Super User is a question and answer site for computer enthusiasts and power users. Join them; it only takes a minute:

Sign up
Here's how it works:
  1. Anybody can ask a question
  2. Anybody can answer
  3. The best answers are voted up and rise to the top

Alright, this one got me stumped...
Bear with me. This is a long story:

I'm trying to help out a family member with a clean install of Windows 7 (Ultimate, 32 bit) on his ASUS A7Sv laptop.
Laptop came originally with Vista, which got hosed by a virus, including the restore partition.
ASUS doesn't support Win7 on this laptop, but it should work.
Hardware is quite common: Core2Duo on an Intel ICH8M chipset.
Win7 should find all hardware out of the box. (Except for the special Hotkeys, but I can always install the Vista Hotkey utility, which is known to work on Win7.)

Have to install from USB as the buildin DVD player is broken. (I removed the DVD-drive from the machine so it can't interfere with the install.)

I've got an USB-key Win7 installer which I know is good. I have installed about 30 machines with it before this. (And even another system after this just to make sure the USB isn't damaged.)
The USB install has SP1, hotfixes upto December 2012 and all known SATA/SATA-raid & USB3 drivers slipstreamed into it.
I installed another laptop some months ago, (different brand with nearly identical hardware,) with this same USB-stick without any problems.

Setup proceeds as normal until the point where it need to load the mass-storage drivers.
Then it asks for a CD/DVD driver.
I know this is not really the CD/DVD driver: Win7 wants a mass-storage driver.

I have tried every mass-storage driver I can get my hands on: ICH8M, ICH8, ICH8R, old versions, new versions, the Vista version supplied by ASUS. Even the JMicron drivers for the eSATA (which I'm not using). Just to make sure I also tried the Intel Turbo Memory drivers, even though I don't intend to use these.

Nothing convinces Win7 to continue with the install. (Although it accepts these drivers, they are compatible with the hardware.)
Stupid thing is: If I run Shift-F10 and launch DISKPART I can see the HD fine. I can partition and format it without any problems.

Any ideas which driver Win7 is looking for ? Any other suggestions ?
(Don't bother suggesting re-plugging the USB-stick in another port. That only works if you booted from an USB port on Bios emulation so Win7 needs to rediscover the USB with it's own drivers. That is NOT the case here.)

Update: Tried it with the mSata cache flash module removed too. (Thought that might interfere somehow). No joy either.

share|improve this question
How can you install Win 7 Ultimate on his machine? Did he purchase a license? – Keltari Apr 30 '13 at 20:09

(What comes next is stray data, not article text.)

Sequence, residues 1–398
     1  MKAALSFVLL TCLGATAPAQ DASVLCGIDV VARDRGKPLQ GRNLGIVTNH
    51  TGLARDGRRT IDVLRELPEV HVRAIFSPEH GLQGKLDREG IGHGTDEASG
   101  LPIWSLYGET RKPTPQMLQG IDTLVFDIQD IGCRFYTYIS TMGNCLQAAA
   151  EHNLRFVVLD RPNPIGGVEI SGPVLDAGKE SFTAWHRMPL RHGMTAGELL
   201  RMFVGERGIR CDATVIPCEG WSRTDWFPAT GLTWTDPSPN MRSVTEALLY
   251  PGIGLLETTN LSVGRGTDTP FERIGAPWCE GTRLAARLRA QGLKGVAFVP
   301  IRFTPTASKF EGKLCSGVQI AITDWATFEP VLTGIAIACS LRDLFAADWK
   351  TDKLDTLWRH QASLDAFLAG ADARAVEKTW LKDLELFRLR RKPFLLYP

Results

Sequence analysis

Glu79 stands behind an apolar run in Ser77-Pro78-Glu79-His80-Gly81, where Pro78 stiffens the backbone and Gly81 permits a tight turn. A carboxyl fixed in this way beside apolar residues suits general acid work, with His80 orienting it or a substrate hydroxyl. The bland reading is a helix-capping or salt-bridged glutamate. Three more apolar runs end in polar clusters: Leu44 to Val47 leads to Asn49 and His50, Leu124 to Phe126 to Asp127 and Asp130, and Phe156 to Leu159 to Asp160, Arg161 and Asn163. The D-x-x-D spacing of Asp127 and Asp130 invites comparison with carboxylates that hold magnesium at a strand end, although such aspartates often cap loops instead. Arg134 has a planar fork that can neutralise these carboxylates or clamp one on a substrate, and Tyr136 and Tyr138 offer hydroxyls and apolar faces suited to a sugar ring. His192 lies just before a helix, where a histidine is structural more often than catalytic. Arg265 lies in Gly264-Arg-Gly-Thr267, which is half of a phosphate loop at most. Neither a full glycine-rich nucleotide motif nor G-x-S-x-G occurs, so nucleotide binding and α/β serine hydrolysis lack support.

2 other things you could try: 1) get an external usb dvd/cd set up and try installing from that instead of usb. 2) pull the HDD out of the laptop and install using another computer (pull all existing sata/ide cables besides the desired install HDD and the dvd/cd drive. After that, plug it back in to the laptop and see if it boots up. You'll likely have to clean up some messes but if it gets it installed, that's the goal right? Also ASUS might have a specific sata/ide driver on their website for the laptop you could try to find/use. – Enigma Apr 30 '13 at 20:49
@Keltari He bought a retail license last year for another computer. That computer now runs Linux. Retail licenses can be moved to another system so this is legit. – Tonny Apr 30 '13 at 21:16
@Enigma I exhausted the ASUS supplied drivers already. They are just the stock Intel Storage drivers and an old version of those too. I will borrow an external USB DVD drive from the office tomorrow (it has eSATA too, can try that as well). The "install via another computer" trick is always an option, but that would be very messy. Is really a last resort, if all else fails thing. – Tonny Apr 30 '13 at 21:19
Looking at specs for the laptop, I am guessing that some "mass-storage class" drivers required may be nvidia-based, not intel based. – horatio Apr 30 '13 at 21:52

Answering myself. Might be of benefit to some people.

This evening I added an external DVD drive on the eSata port.
Booted an original Win7 Ultimate DVD without any problems.
Loaded the jMicron driver for the eSata interface from USB stick and installation continued and completed without a hitch.

I strongly suspect that there is something in the way this Bios initializes USB boot support for USB memory-sticks that messes with the things Win7 expects to see.
When booting from DVD there is no issue at all. Who would have guessed.

Lesson learned: An external DVD drive with eSata interface is a very useful thing to have lying around for such corner cases.

Update 4-5-2014:
Would you believe it ??
Just ran into the SAME problem again, this time with a Acer Aspire M1641 desktop. (Of course Acer and Asus belong to the same mother-company and chances are they get their weird Bios form the same source.)
Because this is desktop the Bios has some more elaborate options that gave me another clue: The USB stick is detected as a 2nd harddisk and treated by the Bios as such. This seems to throw the Windows 7 installer in a fit.

share|improve this answer

You must log in to answer this question.

Not the answer you're looking for? Browse other questions tagged .